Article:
Air Force Vet Don Cassidy, who is also a member of Republicans for Foster, is co-chair of this new group.

Remember, you read it here first! Be sure to shoot me an e-mail ( if you are interested in this group and I’ll hook you up with Mr. Reed.

Republicans for Foster

A couple weeks ago I told you about lifelong Republican and retired Air Force vet Col. Don Cassiday endorsing Bill Foster for Congress in Denny Hastert’s vacated seat. Cassiday described himself as a “retired Republican” and has now gotten together with others who are calling themselves “Republicans for Foster.”

Republicans for Foster eschewed party allegiances to support Foster because they see him as possessing the experience, background, and roots in thecommunity to represent 14th residents of all political stripes. Foster — a Democrat — joined the group of Republicans today [3/1] at Elgin Community College…Members of Republicans for Foster include William Bangs, Chuck Brown, Cassiday, Ed Fauth, Frances Fauth, Jill Hansen, Dave Johnson, Walter Joy, Bernadine Murphy, and Jim Volk. The special election to fill the seat vacated by former Republican Speaker of the House Dennis Hastert is next Saturday, March 8.

I see that Foster nailed down the Daily Chronicle endorsement as well.

Oberweis Ad No-Nos

This comes straight from the Bill Foster campaign. They are saying that one of Jim Oberweis’ TV ads was pulled out of WGN and WMAQ lineups for breaking Federal Communication Commission (FCC) rules.

The ad in question contains multiple failures to comply with disclaimer requirements, representing an attempt on the part of Oberweis to evade responsibility for the allegations levied against Mr. Foster contained in the ad.

Politically incorrect possible translation: “He lied like a rug and got caught.” Remember, this is the guy who used fake headlines in a TV ad against Judy Baar Topinka during the 2006 primary season. I am having a hard time seeing why anybody would want to send such a person to Congress.

The Facts on Bill Foster & ETC

Wow. Somebody really got his facts wrong.

Foster’s ads claim he is also a businessman who does not outsource anything to foreigners, and I was curious as to what kind of business he has. According to his Web site (, the company is Electronic Theatre Controls Inc. However, in contrast to his attacks on Oberweis for dealings with Asians and taking U.S. jobs, the Electronic Theatre Controls Inc. Web site proudly lists the company’s 1995 accomplishments as: “ETC expands into Asia with opening of Hong Kong office” and “ETC expands into Europe, acquiring the lighting control division of London-based distributor ARRI GB.” How hypocritical!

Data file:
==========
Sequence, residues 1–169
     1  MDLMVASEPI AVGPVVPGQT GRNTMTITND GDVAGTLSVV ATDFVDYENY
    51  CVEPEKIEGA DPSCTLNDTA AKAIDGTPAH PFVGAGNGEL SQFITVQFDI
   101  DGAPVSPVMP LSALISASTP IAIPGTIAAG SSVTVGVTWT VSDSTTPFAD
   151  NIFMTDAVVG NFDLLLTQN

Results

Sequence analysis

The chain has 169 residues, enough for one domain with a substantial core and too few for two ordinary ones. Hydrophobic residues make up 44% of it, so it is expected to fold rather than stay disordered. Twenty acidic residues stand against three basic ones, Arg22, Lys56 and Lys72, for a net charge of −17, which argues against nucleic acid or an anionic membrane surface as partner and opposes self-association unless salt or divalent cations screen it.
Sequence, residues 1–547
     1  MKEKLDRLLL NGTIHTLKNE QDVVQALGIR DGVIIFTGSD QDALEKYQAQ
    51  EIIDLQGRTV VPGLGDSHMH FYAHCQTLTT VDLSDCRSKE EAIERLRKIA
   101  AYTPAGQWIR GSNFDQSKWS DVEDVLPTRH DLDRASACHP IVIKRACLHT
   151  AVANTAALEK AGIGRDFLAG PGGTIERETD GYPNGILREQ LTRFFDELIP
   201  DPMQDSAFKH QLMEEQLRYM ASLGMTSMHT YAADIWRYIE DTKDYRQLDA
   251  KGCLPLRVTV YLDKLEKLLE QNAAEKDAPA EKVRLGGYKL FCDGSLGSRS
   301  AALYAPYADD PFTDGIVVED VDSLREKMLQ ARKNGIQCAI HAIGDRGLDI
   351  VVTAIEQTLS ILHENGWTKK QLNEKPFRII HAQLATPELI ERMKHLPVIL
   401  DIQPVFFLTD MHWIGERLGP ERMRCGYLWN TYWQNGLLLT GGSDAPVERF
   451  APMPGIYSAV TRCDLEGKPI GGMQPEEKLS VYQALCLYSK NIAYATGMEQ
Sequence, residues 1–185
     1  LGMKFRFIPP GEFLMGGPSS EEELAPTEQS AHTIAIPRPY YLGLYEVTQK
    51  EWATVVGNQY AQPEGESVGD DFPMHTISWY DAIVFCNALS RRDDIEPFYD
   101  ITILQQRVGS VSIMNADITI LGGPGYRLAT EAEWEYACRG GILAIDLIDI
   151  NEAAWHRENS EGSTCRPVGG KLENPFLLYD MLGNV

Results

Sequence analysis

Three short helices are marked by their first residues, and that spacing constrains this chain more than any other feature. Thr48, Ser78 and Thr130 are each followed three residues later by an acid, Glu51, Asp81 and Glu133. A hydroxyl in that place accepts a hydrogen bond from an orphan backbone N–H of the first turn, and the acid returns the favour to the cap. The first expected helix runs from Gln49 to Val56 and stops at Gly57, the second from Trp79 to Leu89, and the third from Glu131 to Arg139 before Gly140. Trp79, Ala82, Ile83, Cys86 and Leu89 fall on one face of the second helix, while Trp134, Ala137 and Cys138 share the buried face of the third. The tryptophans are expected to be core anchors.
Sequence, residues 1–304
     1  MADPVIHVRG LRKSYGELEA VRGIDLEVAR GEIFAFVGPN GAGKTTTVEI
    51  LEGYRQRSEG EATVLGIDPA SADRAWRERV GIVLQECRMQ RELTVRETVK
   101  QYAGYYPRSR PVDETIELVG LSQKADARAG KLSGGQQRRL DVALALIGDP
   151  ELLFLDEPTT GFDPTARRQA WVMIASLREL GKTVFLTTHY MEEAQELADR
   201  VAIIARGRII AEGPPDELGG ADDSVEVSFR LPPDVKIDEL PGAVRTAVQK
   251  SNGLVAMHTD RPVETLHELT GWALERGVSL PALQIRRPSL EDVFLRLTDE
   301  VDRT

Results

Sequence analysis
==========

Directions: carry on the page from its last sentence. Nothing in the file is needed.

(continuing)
ETC has over 600 employees and more than 500 of them are employed at its plant in Middleton, Wisconsin–most in good old-fashioned manufacturing jobs. The foreign jobs are in sales and distribution of products made in the USA. Continue reading The Facts on Bill Foster & ETC

Oberweis & the Millionaires’ Amendment

Looks like Jim Oberweis may be in trouble with the Federal Elections Commission (FEC) for violating a part of the Bipartisan Campaign Reform Act known as the Millionaires’ Amendment.

The provisions of the Millionaires’ Amendment may, in certain circumstances, increase the contribution limits for House and Senate candidates facing opponents who spend personal funds in excess of certain threshold amounts. The threshold amounts and the triggers for increased limits for House and Senate candidates differ. For House candidates, the threshold amount is $350,000.

Whether contribution limits are actually increased depends on the pattern of campaign spending in a particular election cycle. What’s not in dispute is that as soon as the candidate puts $350,000 into his/her campaign s/he is obligated to notify within 24 hours both the FEC and the opposition candidate.

Oberweis deposited $300,000 into his campaign on February 7 and another $340,000 on February 11, which triggered the reporting requirement.

The FEC has penalized Oberweis once before. Last year he was fined $21,000 for a television ad played during the 2004 Senate race that was ruled to be a corporate contribution prohibited by law.